have worked out pretty good
              for the shamus and Delores.
              And it was a pretty good story,
              don't you think? Made me
              laugh to beat the band...
              parts anyway. I didn't like
              seeing Delores go. But then
              I happen to know..there's a
              little Marlowe on the way. That
              might just absolute horseshit
              on my part, but I believe that's
              the way the whole darned human
              comedy keeps perpetuating
              itself down through the
              generations. Westward the
              Studebakers, across the sands
              of time until we - oh, look at
              me. I'm rambling again. Well,
              I hope you folks enjoyed
              yourselves. Catch you later on
              down the social media trail.
              Say, friend, you got any more
              of that good non-alcoholic
              margaritas? Margarita Hayworth?..

Friday, September 28, 2018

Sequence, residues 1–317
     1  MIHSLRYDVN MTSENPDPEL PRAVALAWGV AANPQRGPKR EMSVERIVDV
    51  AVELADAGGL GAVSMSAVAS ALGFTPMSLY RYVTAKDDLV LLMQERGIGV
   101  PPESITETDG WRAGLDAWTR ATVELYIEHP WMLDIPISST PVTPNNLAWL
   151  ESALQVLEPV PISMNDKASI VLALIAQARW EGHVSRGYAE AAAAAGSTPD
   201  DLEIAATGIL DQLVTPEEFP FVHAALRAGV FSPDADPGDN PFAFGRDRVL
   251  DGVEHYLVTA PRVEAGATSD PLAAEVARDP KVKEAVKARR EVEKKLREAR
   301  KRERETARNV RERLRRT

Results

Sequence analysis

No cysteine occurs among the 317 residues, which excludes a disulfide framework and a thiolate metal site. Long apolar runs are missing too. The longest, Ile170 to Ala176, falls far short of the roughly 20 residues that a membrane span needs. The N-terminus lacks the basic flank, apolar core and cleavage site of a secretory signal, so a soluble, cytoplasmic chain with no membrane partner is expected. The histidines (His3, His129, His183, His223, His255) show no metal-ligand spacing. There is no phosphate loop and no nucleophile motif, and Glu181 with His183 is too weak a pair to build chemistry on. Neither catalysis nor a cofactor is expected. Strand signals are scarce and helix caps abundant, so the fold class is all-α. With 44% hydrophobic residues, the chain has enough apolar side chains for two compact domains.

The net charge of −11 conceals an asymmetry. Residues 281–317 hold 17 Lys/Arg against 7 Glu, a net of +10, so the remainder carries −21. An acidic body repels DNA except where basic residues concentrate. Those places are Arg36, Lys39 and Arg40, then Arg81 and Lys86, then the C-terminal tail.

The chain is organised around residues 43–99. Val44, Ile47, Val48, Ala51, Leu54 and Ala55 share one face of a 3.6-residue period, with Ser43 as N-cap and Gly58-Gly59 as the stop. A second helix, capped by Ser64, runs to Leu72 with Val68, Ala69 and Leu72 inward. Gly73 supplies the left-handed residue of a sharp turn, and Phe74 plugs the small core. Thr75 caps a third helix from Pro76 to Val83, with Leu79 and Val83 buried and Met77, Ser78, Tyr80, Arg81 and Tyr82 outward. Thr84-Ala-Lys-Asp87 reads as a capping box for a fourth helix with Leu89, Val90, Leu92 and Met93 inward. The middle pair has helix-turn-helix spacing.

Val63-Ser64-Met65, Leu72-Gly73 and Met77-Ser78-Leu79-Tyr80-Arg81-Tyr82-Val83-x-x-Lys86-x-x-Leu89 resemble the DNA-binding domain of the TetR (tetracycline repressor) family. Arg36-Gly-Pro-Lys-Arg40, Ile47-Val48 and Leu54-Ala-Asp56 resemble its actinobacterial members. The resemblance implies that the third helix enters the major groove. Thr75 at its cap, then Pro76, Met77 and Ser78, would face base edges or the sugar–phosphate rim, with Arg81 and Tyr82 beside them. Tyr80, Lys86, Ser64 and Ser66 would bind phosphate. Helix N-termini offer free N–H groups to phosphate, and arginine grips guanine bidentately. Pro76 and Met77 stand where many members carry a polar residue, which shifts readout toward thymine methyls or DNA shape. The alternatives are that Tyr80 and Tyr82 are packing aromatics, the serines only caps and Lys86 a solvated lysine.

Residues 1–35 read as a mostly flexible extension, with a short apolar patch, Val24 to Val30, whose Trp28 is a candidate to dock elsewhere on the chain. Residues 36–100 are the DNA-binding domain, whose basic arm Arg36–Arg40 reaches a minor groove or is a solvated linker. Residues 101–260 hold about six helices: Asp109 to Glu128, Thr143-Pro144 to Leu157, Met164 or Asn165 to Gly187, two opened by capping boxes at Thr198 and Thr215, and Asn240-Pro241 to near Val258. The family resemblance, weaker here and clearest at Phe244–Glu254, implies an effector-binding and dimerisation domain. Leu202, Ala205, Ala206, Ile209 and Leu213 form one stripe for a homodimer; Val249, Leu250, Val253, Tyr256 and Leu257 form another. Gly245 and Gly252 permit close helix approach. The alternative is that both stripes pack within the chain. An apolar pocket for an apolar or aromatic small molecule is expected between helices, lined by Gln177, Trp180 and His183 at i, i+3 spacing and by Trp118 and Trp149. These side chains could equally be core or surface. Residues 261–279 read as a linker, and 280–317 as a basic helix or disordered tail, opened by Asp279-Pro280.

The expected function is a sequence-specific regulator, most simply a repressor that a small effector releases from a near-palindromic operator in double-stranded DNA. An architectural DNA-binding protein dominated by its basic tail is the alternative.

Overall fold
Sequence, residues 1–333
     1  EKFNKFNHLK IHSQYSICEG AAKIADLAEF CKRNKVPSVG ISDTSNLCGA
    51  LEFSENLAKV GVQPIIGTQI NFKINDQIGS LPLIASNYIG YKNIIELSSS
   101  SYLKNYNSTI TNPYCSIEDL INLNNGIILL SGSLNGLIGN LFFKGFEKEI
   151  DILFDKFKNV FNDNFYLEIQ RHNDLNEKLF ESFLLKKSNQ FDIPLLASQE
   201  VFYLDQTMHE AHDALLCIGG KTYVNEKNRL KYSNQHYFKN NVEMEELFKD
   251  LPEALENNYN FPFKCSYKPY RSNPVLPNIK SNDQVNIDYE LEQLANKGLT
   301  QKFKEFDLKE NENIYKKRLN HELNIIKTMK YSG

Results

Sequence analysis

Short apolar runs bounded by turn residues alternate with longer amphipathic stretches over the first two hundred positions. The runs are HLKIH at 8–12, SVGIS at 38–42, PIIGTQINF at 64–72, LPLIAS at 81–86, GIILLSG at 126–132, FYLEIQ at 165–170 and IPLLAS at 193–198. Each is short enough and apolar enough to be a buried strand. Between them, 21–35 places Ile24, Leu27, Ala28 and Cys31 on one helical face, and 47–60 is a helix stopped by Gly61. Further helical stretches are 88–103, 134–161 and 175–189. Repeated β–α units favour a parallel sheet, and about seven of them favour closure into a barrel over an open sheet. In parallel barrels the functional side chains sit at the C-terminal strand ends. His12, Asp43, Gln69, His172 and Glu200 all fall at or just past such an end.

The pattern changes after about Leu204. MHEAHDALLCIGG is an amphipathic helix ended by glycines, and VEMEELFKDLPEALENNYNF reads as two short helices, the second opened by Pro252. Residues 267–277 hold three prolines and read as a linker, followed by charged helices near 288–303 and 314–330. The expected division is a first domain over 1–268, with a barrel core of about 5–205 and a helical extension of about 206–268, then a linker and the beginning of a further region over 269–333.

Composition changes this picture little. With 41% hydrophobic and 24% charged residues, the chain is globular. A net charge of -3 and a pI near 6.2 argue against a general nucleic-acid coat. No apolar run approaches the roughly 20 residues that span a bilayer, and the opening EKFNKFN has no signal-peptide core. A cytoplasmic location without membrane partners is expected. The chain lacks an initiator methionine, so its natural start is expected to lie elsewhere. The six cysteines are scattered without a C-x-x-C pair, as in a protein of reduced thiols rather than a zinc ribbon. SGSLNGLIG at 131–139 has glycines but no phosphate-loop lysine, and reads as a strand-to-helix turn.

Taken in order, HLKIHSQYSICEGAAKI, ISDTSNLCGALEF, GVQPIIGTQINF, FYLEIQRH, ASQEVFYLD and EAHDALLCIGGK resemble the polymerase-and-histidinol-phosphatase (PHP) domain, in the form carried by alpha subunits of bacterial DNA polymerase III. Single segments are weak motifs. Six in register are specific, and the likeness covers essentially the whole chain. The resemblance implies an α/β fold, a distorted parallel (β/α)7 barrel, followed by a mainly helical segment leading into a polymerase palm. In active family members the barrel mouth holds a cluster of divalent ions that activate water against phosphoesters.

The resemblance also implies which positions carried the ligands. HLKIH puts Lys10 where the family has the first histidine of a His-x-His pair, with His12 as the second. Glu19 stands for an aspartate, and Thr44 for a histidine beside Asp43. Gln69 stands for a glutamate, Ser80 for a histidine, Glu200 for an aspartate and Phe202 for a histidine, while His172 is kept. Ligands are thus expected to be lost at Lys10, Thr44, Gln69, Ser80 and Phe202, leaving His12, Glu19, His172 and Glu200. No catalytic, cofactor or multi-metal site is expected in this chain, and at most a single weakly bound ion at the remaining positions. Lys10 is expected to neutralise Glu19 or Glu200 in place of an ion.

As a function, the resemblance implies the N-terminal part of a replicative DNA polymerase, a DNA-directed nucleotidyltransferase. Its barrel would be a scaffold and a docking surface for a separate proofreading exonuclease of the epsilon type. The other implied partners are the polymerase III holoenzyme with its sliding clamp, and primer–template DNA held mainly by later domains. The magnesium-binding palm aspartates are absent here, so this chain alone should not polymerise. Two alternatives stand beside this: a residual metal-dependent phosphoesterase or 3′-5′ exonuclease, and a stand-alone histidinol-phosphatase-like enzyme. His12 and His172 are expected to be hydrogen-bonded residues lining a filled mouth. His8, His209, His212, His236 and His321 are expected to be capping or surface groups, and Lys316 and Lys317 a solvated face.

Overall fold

"Superman: Kryptonite" by Darwyn Cooke and Tim Sale

The end of my loosely-connected trilogy of essays devoted to stories featuring kryptonite in Superman comic books is long-overdue...and really awkwardly put, since why would any non-Superman comic feature a story about kryptonite if it wasn't setting up an appearance by Superman? It's one of the few things that can kill Superman, the irony that it's made from the remains of his home planet; you're killing him with a "souvenir from home".

Kryptonite can be annoying, because it allows for Superman to be in peril of garden-variety gangsters and thugs; why waste imagination coming up with formidable foes for Superman to spar with, when a purse-snatcher holding a green rock the size of a penny could knock him out?